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Back to space race: Virgin unveils SpaceShipTwo

Back to space race: Virgin unveils SpaceShipTwo
Richard Branson has released images of Virgin Galactic’s SpaceShipTwo. The new craft is similar in design to the first version that crashed two years ago, but has a few key differences that could bring intergalactic tourism to the masses.

According to a press release from Virgin Galactic, the VSS Unity has already gone through rigorous testing. However, the lessons of the original SpaceShipTwo have not been forgotten by Virgin Galactic, who said “we benefit from incredibly useful data from 55 successful test flights as well as the brutal but important lessons from one tragic flight test accident.

Although tests have been done on the VSS Unity prior to its unveiling, it is still a long way from being airborne. Virgin Galactic explains that, “If you are expecting SpaceShipTwo to blast off and head straight to space on the day we unveil her, let us disillusion you now: this will be a ground-based celebration.” The reveal of the VSS Unity marks the beginning of ground tests; all prior tests had measured each individual part but this marks the beginning of full-vehicle tests of the electrical system and moving parts.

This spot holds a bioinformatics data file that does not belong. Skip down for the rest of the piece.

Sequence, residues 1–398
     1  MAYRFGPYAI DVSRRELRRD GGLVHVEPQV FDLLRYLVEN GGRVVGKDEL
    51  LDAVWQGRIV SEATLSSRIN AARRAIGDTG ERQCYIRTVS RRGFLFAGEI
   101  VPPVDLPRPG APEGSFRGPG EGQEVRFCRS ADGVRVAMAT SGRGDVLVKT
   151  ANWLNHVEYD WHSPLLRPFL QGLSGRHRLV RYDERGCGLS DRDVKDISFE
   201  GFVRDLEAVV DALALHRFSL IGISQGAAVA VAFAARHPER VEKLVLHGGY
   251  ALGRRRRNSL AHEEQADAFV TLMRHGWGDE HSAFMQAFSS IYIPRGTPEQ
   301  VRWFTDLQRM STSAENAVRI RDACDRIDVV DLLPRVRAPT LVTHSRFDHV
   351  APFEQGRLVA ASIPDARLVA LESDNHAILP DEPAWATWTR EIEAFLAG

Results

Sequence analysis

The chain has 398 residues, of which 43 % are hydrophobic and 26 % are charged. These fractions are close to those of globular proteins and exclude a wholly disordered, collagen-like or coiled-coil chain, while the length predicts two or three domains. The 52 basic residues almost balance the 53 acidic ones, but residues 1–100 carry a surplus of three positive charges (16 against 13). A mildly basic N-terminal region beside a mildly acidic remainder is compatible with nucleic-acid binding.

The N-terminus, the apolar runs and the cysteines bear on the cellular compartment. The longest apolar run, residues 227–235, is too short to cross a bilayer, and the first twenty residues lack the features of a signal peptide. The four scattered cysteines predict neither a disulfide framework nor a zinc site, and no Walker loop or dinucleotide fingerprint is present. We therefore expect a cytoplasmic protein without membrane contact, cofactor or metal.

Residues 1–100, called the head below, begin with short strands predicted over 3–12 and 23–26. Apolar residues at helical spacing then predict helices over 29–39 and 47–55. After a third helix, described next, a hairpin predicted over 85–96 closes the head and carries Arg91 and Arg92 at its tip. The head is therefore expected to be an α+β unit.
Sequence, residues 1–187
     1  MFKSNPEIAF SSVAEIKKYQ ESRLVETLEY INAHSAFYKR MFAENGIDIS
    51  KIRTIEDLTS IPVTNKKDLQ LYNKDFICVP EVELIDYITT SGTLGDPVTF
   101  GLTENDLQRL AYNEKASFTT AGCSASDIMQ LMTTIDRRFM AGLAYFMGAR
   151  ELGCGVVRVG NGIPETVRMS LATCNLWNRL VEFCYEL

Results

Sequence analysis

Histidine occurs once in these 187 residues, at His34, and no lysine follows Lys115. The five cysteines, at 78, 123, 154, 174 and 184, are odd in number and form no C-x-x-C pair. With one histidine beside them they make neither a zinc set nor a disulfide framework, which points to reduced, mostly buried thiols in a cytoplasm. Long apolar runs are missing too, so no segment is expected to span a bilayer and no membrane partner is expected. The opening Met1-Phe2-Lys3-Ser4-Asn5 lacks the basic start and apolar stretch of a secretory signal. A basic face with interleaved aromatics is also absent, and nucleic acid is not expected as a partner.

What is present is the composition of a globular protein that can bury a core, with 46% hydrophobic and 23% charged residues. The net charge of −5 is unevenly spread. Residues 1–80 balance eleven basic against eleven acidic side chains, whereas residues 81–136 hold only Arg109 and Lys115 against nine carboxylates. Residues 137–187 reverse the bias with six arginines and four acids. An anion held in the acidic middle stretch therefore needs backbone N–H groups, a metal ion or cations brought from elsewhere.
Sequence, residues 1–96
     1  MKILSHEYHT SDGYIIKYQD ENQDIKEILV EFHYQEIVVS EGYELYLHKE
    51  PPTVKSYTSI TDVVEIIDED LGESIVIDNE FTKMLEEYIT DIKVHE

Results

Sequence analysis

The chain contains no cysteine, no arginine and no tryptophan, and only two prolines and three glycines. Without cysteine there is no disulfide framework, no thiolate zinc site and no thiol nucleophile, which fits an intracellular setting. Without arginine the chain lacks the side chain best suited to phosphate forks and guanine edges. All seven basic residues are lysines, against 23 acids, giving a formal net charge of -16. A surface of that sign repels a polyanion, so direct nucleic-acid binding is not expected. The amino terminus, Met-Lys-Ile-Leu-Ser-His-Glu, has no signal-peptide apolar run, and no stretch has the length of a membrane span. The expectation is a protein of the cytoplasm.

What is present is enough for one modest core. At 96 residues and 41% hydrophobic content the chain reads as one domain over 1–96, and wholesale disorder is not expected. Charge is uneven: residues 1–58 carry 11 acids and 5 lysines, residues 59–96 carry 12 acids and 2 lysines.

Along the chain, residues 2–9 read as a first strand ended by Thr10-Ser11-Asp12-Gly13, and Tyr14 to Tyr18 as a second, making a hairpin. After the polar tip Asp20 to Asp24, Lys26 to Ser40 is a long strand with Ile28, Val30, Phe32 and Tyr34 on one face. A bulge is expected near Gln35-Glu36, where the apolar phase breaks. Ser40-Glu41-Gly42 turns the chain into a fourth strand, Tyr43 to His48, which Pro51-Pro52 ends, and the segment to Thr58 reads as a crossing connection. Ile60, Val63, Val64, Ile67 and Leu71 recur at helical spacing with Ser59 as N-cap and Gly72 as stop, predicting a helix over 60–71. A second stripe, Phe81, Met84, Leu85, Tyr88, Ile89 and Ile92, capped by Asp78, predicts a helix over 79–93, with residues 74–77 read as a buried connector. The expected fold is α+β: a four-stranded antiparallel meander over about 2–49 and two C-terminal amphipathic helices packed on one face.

The testing of materials first began shortly after the company’s launch in 2004. In 2010, Branson said that SpaceShipTwo was “18 months away from taking people into space.” Before the SpaceShipTwo was even unveiled, the labs designed large prototypes. Engineers used these to make sure the “material properties have given our analysts and designers the right information to build the vehicle the right way.”


Once ground testing has been completed, SpaceShipTwo will move on to paired flight, where the VSS Unity will be attached to a larger ship. Following that are series of glide tests that will keep the SpaceShipTwo flying through low-altitude drifts. Should the ship pass all of these tests, it will being rocket testing that will take it on lower sub-orbital flights and – should it all go according to plan – will result in “official astronaut distance” while is over 50 miles above Earth’s surface.

This long process is one that Richard Branson hopes will end with paying customers flying to space. It has yet to be determined how long the process will take, but Virgin Galactic assures the public that “there is no easy way from the Earth to the stars. But finally, there is a way, and through steady testing, we will find it.

For those interested in flying abroad the SpaceShipTwo, seats cost $250,000. According to the press release, more tickets have been purchased than astronauts have been in space.